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The Friendly Relations Declaration of 1970 may be seen as the culmination of a process of reassessment of international law in the time of the Cold War. It was the most advanced product of agreement between East and West in the field of international law since the UN Charter.
Learners preferentially interpret novel nouns at the basic level (‘dog’) rather than at a more narrow level (‘Labrador’). This ‘basic-level bias’ is mitigated by statistics: children and adults are more likely to interpret a novel noun at a more narrow label if they witness ‘a suspicious coincidence’ – the word applied to three exemplars of the same narrow category. Independent work has found that exemplar typicality influences learners’ inferences and category learning. We bring these lines of work together to investigate whether the content (typicality) of a single exemplar affects the level of interpretation of words and whether an atypicality effect interacts with input statistics. Results demonstrate that both four- to five-year-olds and adults tend to assign a narrower interpretation to a word if it is exemplified by an atypical category member. This atypicality effect is roughly as strong as, and independent of, the suspicious coincidence effect, which is replicated.
This paper tackles two questions. Our first question addresses the multi-actor activity that is visibly required for building radical innovations like eco-innovation. Our second question addresses the tricky issue of how to assess contribution to ecological transition when innovation projects are still in the fuzzy early-upstream phase. In this aim four research projects are selected and analyzed in this paper because they share a common scope—the development of new processes or materials tied to the conversion of biomass. Through the analysis of the actors interactions conducted in these projects, of their perimeters, of their sustainability objectives and of their results we show a limit of the eco-innovation capacity of these projects linked to the limits of their crossdisciplinarity.
We examine the 2008-2016 gamma-ray and optical light curves of a number of bright Fermi blazars. In a fraction of them, the periodograms show possible evidence of quasi-periodicities related in the two bands. This coincidence strengthens their physical meaning. Comparing with results from the periodicity search of quasars, the presence of quasi-periodicities in blazars suggests that the basic condition for its observability is related to the relativistic jet in the observer direction, but the overall picture remains uncertain.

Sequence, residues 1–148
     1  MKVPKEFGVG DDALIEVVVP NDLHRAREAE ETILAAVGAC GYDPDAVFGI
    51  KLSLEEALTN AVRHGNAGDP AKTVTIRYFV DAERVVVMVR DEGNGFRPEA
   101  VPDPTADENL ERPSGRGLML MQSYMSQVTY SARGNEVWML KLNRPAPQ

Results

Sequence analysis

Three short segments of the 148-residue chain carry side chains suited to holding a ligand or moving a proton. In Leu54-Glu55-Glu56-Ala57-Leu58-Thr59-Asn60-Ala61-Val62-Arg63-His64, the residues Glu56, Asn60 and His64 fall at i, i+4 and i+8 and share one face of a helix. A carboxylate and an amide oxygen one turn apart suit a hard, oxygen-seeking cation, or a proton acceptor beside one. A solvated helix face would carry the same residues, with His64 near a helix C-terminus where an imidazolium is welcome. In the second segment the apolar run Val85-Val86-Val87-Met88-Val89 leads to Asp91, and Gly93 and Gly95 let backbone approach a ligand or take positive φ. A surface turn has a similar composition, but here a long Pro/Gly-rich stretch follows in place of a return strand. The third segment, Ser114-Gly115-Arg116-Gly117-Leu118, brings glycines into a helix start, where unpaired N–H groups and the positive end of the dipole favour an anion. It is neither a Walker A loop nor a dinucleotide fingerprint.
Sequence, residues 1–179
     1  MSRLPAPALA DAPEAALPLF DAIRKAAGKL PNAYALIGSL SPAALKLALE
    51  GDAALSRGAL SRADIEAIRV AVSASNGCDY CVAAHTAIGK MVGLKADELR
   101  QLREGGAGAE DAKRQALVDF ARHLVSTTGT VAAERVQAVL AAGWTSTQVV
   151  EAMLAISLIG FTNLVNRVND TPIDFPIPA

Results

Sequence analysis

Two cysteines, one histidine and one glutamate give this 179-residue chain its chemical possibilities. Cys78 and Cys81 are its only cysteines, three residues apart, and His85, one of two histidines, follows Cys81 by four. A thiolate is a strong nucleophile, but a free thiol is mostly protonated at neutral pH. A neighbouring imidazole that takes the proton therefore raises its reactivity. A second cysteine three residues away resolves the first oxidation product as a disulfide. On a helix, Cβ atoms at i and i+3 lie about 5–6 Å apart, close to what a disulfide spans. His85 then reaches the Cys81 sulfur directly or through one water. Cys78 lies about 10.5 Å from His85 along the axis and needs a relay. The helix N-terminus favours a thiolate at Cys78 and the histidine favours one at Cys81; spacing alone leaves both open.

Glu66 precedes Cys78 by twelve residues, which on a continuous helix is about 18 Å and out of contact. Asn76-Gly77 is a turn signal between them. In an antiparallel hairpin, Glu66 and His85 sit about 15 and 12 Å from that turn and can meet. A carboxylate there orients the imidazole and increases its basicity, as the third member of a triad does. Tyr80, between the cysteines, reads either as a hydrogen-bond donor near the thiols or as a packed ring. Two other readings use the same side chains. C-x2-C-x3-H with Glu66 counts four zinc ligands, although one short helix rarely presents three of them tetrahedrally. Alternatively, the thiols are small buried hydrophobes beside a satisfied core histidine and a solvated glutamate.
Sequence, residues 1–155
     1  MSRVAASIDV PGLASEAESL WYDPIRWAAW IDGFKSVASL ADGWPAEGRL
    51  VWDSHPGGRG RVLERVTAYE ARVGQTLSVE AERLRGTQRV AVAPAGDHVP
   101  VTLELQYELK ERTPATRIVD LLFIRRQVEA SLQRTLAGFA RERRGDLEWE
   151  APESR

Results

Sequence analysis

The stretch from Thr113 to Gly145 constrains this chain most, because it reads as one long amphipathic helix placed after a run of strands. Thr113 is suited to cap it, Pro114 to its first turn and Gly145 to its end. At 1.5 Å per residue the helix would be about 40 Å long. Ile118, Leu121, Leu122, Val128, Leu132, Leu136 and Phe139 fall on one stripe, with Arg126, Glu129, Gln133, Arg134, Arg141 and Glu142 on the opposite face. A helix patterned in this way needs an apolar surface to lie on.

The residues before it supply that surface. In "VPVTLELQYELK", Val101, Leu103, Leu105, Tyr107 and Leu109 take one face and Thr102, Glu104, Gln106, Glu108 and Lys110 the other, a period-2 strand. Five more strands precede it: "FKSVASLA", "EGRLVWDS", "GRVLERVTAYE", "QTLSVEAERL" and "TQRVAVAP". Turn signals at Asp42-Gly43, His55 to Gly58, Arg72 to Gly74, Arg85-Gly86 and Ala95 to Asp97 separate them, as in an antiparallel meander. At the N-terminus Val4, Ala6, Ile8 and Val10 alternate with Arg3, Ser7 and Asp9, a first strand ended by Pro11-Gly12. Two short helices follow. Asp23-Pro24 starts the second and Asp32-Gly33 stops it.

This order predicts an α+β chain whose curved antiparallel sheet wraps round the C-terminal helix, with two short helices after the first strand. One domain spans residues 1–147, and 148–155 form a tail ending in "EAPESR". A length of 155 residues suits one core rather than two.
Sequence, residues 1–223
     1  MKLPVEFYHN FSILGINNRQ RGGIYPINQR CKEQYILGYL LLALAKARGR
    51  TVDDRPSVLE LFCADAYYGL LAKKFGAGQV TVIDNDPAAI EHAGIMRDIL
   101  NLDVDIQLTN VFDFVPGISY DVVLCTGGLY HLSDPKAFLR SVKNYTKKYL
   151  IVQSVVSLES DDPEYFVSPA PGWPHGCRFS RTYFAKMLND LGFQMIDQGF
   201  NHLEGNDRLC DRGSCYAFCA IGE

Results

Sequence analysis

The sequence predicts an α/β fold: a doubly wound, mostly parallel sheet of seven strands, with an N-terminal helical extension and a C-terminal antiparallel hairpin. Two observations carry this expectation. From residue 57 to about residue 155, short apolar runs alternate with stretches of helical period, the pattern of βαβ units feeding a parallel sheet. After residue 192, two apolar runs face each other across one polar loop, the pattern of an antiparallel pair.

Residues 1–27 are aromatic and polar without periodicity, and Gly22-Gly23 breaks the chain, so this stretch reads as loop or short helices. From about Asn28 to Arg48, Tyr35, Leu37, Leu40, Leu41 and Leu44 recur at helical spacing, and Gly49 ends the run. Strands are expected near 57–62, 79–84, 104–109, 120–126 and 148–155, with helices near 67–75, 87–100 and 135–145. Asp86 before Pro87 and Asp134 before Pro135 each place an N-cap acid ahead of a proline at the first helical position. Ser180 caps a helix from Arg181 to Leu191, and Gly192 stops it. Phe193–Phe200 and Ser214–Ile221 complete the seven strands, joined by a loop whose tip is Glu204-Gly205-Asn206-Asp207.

Forest conservation incentives are a popular approach to combatting tropical deforestation. Here we consider a case where direct economic incentives for forest conservation were offered to newly titled smallholders in a buffer zone of a protected area in the northeastern Ecuadorian Amazon. We used quasi-experimental impact evaluation methods to estimate changes in forest cover for 63 smallholders enrolled in Ecuador's Socio Bosque program compared to similar households that did not enroll. Focus group interviews in 15 communities provided insight into why landowners enrolled in the program and how land use is changing. The conservation incentives program reduced average annual deforestation by 0.4–0.5% between 2011 and 2013 for those enrolled, representing as much as a 70% reduction in deforestation attributable to Socio Bosque. Focus group interviews suggested that some landowners chose to ‘invest’ in conservation because the agricultural capacity of their land was limited and economic incentives provided an alternative livelihood strategy. Interviews, however, indicated limits to increasing enrollment rates under current conditions, due to lack of trust and liquidity constraints. Overall, a hybrid public–private governance approach can lead to larger conservation outcomes than restrictions alone.
Rural depopulation has different effects on biodiversity and ecosystems in many regions of the world. For large carnivores such as pumas (Puma concolor) the effects are uncertain. An analysis of relationships between patterns of rural depopulation and perceptions of the risk posed by pumas among Aymara people in the altiplano region of Chile examined perceived risk, as well as self-reported losses, in relation to livestock husbandry, sociodemographic variables (age, household size, and residency status), and reported self-sufficiency. There was no evidence that rural depopulation elevated perceived risk, or the level of self-reported losses of livestock blamed on pumas. Indeed, many respondents, including older respondents and those with smaller households, reported a decline in perceived risk over the preceding five years. These perceptions of risk were not associated with self-reported losses to pumas in the previous year. An increase in perceived risk was associated with the use of guards for livestock, suggesting livestock owners accommodated their absences from herds by using guards. Absolute numbers of livestock lost increased with the distance from households to where livestock were grazed or gave birth. A cost-effective verification system for puma attacks is recommended, and further human dimensions research is required to identify the owners who complained and the costs and benefits of different wildlife species. Further interventions to prevent either livestock losses or retaliation against pumas can then be targeted more precisely.